practically tabouli

I don’t know about you, but when I find a dish I love I tend to make it over and over again – like several times a week.

I was making this kind of, almost, practically tabouli a few months ago but gave up because, let’s face it, the tomatoes weren’t really that fabulous. This morning at the farmers market though, I saw beautiful baby cherry tomatoes and some lovely Japanese burpless cucumbers and just knew I had to make this again.


This also gives me a good excuse to use some of the lovely mint growing in my garden. Sadly I couldn’t use my garden parsley because an evil squirrel had a digging fest and my poor parsley was a victim. Hopefully my new planting will do better…

…Back to the task at hand! The reason I call this practically tabouli is because traditionally tabouli is made with bulgar wheat but I make it with whole wheat couscous. I am sure I am not the only one that makes this switch because the result is so simple and lovely.

This serves about 2-4 (depending on how hungry you are!) Here is how you do it.
Ingredients
* 1/2 C whole wheat couscous
* 2 lemons
* water
* olive oil
* salt to taste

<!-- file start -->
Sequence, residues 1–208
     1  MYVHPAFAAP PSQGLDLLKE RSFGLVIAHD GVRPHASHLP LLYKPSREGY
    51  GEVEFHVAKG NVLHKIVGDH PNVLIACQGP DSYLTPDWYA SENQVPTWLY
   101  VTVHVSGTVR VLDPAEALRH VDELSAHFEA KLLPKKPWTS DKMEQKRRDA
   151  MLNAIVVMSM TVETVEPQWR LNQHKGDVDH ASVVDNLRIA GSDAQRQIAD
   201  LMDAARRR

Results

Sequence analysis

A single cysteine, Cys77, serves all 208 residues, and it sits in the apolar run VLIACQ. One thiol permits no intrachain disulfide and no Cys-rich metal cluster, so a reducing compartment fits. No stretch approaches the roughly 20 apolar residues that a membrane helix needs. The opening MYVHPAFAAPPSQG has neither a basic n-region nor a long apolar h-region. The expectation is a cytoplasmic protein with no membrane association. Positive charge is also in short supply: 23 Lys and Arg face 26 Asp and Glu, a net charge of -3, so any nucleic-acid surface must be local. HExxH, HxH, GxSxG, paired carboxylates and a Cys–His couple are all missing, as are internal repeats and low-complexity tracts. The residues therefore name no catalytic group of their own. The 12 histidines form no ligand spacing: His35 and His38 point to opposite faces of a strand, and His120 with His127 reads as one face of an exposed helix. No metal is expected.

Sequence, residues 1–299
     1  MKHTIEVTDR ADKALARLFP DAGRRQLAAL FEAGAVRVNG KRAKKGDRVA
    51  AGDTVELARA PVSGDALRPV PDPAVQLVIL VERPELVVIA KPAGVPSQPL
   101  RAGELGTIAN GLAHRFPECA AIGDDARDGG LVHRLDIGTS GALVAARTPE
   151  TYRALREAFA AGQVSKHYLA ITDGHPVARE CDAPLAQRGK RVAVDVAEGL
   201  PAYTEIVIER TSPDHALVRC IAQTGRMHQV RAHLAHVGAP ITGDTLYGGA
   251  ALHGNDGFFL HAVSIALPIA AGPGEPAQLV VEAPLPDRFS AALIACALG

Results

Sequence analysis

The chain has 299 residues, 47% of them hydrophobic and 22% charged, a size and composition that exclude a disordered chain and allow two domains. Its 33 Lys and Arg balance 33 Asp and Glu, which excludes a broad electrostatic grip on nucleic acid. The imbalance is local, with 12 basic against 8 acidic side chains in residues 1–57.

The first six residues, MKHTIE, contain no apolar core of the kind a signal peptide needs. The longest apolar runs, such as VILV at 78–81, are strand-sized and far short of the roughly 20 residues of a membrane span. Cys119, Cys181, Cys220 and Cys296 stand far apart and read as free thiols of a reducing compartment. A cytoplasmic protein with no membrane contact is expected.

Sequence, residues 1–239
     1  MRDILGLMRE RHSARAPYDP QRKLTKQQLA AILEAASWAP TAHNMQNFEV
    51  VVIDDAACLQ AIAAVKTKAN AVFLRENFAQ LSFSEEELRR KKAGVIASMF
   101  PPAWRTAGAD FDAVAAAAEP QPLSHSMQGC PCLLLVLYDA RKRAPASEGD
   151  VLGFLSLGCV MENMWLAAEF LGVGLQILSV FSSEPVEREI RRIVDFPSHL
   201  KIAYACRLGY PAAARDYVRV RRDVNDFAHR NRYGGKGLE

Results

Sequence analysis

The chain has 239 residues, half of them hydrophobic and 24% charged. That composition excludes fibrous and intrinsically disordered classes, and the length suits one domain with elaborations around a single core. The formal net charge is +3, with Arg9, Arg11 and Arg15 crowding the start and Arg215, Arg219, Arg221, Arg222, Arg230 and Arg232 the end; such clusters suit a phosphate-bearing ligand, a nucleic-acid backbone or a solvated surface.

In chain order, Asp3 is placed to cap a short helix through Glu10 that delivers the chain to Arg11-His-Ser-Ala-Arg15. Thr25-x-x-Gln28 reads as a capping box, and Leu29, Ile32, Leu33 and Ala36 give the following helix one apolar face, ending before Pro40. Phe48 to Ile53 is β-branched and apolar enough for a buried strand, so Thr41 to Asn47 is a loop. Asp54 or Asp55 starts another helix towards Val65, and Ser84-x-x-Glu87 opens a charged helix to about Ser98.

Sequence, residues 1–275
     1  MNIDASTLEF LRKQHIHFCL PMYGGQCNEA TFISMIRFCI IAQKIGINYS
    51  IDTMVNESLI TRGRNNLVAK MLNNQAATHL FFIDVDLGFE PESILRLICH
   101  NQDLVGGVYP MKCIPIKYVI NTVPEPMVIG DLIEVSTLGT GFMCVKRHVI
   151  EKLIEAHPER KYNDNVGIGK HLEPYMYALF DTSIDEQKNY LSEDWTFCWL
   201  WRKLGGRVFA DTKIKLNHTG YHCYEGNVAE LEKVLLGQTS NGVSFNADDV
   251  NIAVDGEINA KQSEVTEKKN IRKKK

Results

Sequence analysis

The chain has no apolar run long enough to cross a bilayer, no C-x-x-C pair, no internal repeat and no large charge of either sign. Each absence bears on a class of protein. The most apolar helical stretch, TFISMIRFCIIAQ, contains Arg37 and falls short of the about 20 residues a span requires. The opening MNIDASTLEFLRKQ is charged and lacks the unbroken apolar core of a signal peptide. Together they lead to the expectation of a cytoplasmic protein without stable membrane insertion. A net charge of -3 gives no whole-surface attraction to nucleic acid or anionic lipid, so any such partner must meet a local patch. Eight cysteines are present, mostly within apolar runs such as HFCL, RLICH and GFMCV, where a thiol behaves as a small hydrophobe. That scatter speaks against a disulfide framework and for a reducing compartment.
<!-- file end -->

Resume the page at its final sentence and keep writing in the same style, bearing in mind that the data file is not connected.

* about 1/2 C cucumber – chopped (or desired size)
* about 1/2 C cherry tomatoes – quartered (or desired size)
* about 1/4 C red onion – finely chopped (or desired size)
* about 2 TB fresh mint – finely chopped (or desired size)
* about 2 TB flat leaf parsley – chopped to finely chopped (or desired size)

Measure out your couscous and set aside. Cut a lemon and squeeze 1/2 or whole* into a measuring cup (discarding seeds!) and add water to equal 1 Cup of liquid.
Add about 2 TB olive oil to a heavy saucepan with a lid and turn on medium heat. Add the couscous, some salt, and toast until golden brown and nutty – about 3 minutes. Take your lemony water and pour it into the saucepan, stir, put on the lid and turn off the heat. This should sit with the lid on for about 10 minutes before fluffing. Let cool to room temperature.
Once the couscous is nearly cool, chop up your onion, cucumber, tomatoes, and herbs to desired size. Add to couscous and mix in.


I tend to like this on the “drier” side – and the directions will indicate that. If you like it with more dressing, simply add more olive oil and lemon. Add a bit of olive oil (1-2 TB) stir and taste. If it is really lemony already, just add a bit of lemon juice, if it needs more, add up to a half. Taste again and add salt to desired seasoning.
Enjoy!

* depending on how much lemon flavor you want in the couscous or how juicy the lemon is.

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About shara

I knit, I cook, I blog. Welcome to my world.
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